Data is a big deal in PR and marketing: the possibilities for companies who have genuine and proven insights into their industry stand head and shoulders above their competitors.
Indeed, a significant volume of the work we do for our clients is dependent on data and research – commercially valuable information which is designed to resonate with specific, often very niche business audiences. As such we have our ears to the ground when it comes to methodology.
Case in point: right up until the day of the election, opinion polls were painting David Cameron and Ed Miliband as neck and neck in the race to Number 10.
According to the New Statesman, the polls unanimously predicted a hung parliament, and though there were variations on the distribution, not a single poll anticipated that Cameron would have enough seats to continue as Prime Minister on the 8th.
Then, at 10pm on election night, the BBC, Sky and ITV News’ joint exit poll was published, unexpectedly catapulting the Conservatives ahead of Labour by 77 seats.
The original opinion polls were wrong. Starkly so. And now, The British Polling Council has announced an inquiry, stating “The opinion polls before the election were clearly not as accurate as we would like, and the fact that all the pollsters underestimated the Conservative lead over Labour suggests that the methods that were used should be subject to careful, independent investigation.”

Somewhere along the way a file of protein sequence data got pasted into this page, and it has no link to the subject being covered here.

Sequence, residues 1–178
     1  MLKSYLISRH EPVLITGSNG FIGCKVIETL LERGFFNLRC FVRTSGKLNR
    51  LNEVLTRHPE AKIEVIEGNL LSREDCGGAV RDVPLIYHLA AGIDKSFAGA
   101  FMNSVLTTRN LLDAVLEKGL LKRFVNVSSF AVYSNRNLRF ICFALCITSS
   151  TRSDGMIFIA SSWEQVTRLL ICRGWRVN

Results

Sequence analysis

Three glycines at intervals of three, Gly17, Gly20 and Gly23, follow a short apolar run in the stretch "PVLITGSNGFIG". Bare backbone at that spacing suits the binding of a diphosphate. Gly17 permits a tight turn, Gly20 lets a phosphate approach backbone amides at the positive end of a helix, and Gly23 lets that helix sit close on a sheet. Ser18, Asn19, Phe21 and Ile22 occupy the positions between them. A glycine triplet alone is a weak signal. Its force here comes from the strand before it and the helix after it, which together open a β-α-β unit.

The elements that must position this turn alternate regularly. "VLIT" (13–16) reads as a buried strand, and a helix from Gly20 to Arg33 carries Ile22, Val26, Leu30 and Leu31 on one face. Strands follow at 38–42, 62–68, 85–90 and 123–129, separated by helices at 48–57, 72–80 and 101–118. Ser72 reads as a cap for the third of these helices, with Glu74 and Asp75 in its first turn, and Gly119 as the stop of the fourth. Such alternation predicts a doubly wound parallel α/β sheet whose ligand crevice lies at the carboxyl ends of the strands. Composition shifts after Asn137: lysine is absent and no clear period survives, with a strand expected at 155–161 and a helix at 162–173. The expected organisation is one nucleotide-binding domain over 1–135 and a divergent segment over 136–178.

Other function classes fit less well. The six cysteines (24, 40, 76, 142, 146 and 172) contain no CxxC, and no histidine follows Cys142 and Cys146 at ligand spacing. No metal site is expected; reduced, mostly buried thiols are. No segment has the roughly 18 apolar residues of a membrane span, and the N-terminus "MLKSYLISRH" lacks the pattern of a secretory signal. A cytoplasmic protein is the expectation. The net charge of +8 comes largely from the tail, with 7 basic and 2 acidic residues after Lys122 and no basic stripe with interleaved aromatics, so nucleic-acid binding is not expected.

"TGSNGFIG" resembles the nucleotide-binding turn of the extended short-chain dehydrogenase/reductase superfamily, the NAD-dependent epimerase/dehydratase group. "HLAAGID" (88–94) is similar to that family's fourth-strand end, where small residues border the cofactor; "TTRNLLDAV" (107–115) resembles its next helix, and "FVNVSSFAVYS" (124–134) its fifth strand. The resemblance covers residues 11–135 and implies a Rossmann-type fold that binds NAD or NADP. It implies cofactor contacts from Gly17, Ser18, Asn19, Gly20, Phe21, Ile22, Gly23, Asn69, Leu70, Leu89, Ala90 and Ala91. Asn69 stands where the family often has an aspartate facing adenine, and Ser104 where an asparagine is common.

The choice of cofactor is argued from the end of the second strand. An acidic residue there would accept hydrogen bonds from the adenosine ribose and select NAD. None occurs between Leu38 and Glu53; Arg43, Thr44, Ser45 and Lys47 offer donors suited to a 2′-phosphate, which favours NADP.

Some have suggested that the disparate results were due to undecided and tactical voters whose last minute decisions skewed results. Others have pinned it on so-called 'shy Tories' who refused to tell the pollsters who they were voting for. And then there are those who have pointed out a fundamental flaw in this kind of research – it cannot replicate the physical experience of voting, or the emotional and rational responses to that experience. In this context, intention and action must be separated. Though I might fully intend to vote for Party A when sitting in my living room on Monday, when I am standing in the polling station on Thursday, I find myself voting for Party Z.
Earlier this year, New Scientist magazine published an interview with the Bank of England research chief, Andy Haldane explaining the BoE’s new approach to economic research. He said, “Some of our models and ways of thinking didn’t bear the scrutiny they came under. In light of the crisis, what better time to do some more cross-fertilisation between disciplines? I have tried to fuse bits of economics with physics, epidemiology, psychology, anthropology and one or two other ologies, to try to make sense of the world.”
In our business, we’ve long seen the benefit of triangulating research methods to get the most rigorous result. We use economic modelling, market research, competitor analysis, data mash-ups and in-depth interviews as well as opinion polls to get to those vital nuggets of commercially interesting information.
Opinion polls are great at highlighting trends and reflecting back to people what their peers are thinking. But it's crucial to remember that many variables affect opinion research; how the question is phrased, in what format it is asked (face-to-face, over the phone, online) and under what circumstances it is asked.
So, don’t place any bets on what may turn out to be skewed results. You may just end up eating your hat. Or kilt.